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Italian maker “MadSimon” sent us info and a link to this video for his 3D freehand drawing rig. He explains:

It is an experimental DIY peripheral that behaves like a “3D pen.” Just hold the tip of the robo-arm, and act like you’re drawing, pressing keyboard buttons to lay down points and lines. The advantage here is that you can draw in three dimensions, thus creating solid figures. The trimmers placed at the four joints act as cheap, simple angular sensors. A Microchip PIC16F818 converts the signal from the trimmers into digital data, and sends it to the PC app through a parallel port. The software then makes sure the virtual arm follows every movement.

As for the mechanical part, the last two joints are made by the trimmers alone. The trimmer you can see being held by a fork is reinforced with a bearing keeping its rod in place. The base sensor isn’t visible, it’s hidden under the big car bearing at the bottom which holds up the whole thing. The drawer is usually powered by a 9v battery, but in the video, I’m using a converted PC power supply.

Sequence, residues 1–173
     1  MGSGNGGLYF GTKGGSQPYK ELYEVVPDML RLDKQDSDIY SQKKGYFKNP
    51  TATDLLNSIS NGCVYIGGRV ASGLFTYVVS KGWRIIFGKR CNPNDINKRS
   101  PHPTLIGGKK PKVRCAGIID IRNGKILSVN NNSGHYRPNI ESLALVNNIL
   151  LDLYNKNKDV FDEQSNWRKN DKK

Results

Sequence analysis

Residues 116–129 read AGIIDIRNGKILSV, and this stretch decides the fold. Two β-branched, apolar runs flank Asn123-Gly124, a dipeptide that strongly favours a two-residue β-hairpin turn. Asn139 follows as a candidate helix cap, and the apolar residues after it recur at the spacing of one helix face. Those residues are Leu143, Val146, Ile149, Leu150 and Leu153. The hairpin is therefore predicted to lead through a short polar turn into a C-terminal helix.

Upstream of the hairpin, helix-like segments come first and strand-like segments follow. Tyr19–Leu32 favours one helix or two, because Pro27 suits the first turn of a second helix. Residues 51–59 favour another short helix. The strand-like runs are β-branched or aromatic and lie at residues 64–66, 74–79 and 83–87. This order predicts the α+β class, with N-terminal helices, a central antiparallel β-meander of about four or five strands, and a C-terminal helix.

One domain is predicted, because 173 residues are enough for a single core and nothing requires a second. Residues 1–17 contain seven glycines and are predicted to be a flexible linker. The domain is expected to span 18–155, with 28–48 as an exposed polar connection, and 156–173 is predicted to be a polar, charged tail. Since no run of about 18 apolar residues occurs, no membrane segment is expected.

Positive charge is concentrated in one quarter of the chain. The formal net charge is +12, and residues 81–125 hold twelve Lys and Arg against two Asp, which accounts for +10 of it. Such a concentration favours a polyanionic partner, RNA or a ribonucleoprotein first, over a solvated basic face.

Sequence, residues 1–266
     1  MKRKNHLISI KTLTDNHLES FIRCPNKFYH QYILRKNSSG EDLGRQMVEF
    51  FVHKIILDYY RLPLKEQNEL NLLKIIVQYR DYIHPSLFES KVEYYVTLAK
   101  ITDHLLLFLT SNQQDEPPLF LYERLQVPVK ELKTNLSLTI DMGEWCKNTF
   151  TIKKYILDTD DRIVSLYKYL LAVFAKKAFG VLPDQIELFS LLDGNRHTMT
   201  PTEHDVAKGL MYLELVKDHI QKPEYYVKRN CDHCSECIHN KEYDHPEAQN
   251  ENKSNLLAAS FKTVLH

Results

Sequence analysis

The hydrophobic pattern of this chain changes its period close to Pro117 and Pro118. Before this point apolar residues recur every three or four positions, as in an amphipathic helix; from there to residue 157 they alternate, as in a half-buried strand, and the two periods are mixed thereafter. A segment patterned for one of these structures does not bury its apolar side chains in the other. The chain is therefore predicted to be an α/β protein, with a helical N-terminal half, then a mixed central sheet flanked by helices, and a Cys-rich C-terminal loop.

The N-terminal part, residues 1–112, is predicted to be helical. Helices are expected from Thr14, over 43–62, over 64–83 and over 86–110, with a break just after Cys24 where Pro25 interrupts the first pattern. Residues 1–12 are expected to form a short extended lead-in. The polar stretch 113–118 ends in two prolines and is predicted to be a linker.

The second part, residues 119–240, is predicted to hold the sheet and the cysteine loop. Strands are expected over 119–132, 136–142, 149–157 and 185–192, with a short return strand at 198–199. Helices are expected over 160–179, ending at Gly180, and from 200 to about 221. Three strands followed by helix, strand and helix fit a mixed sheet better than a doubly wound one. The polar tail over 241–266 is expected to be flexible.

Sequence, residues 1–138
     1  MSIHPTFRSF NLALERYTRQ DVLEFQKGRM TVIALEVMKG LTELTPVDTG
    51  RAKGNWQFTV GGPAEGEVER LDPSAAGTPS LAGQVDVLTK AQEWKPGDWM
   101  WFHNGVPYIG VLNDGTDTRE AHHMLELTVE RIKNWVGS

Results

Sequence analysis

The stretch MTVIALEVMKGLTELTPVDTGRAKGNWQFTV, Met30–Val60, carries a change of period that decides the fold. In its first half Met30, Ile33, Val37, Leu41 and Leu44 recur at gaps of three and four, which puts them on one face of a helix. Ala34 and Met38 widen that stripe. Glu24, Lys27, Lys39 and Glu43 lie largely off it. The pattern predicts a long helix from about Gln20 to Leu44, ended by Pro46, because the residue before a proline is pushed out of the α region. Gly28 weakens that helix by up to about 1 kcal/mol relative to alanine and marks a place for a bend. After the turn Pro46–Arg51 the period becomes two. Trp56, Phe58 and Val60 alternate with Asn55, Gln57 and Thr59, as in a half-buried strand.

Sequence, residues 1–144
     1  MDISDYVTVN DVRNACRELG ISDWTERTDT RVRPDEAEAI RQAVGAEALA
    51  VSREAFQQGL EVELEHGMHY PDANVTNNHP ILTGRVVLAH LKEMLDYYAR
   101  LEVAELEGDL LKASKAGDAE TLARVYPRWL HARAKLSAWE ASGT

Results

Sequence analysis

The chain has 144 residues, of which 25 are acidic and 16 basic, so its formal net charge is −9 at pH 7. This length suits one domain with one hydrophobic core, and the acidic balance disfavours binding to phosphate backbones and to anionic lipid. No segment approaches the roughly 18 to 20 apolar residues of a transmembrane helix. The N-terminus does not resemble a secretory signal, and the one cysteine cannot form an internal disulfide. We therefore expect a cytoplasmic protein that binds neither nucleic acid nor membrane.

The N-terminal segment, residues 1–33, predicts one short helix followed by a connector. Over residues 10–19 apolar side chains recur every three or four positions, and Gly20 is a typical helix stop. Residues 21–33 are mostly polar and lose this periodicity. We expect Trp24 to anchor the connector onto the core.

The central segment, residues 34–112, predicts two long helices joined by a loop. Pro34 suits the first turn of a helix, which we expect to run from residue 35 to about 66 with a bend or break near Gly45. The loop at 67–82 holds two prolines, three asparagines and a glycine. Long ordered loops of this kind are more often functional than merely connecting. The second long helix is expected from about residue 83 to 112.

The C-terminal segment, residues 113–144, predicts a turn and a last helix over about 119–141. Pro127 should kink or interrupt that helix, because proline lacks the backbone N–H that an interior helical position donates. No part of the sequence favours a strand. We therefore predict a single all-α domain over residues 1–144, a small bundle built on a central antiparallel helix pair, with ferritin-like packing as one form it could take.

The 3D software was programmed using open source library Irrlicht. Firmware for the PIC microcontroller was programmed with MikroC.

3d Freehand Drawer

Gareth Branwyn

Gareth Branwyn

Gareth Branwyn is a freelancer writer and the former Editorial Director of Maker Media. He is the author or editor of over a dozen books on technology, DIY, and geek culture. He is currently a contributor for Boing Boing and WINK Books. And he has a new best-of writing collection and “lazy man’s memoir,” called Borg Like Me.

  • TimC

    Looks like with a few software changes this could be used to gather coordinates – a 3D coordinate measuring arm. Everyone seems to be enthusiastic about the laser 3D machines, but I would really like to see someone build and document a 3D arm after MadSimon’s idea. Good job.

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